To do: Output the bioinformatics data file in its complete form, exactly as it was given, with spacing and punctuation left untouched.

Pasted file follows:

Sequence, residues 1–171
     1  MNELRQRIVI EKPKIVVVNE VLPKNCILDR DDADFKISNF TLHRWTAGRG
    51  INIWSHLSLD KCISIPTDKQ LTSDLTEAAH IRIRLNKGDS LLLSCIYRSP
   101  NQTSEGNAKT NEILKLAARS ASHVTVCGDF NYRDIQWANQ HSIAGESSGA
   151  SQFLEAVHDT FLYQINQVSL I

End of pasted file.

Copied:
Sequence, residues 1–171
     1  MNELRQRIVI EKPKIVVVNE VLPKNCILDR DDADFKISNF TLHRWTAGRG
    51  INIWSHLSLD KCISIPTDKQ LTSDLTEAAH IRIRLNKGDS LLLSCIYRSP
   101  NQTSEGNAKT NEILKLAARS ASHVTVCGDF NYRDIQWANQ HSIAGESSGA
   151  SQFLEAVHDT FLYQINQVSL I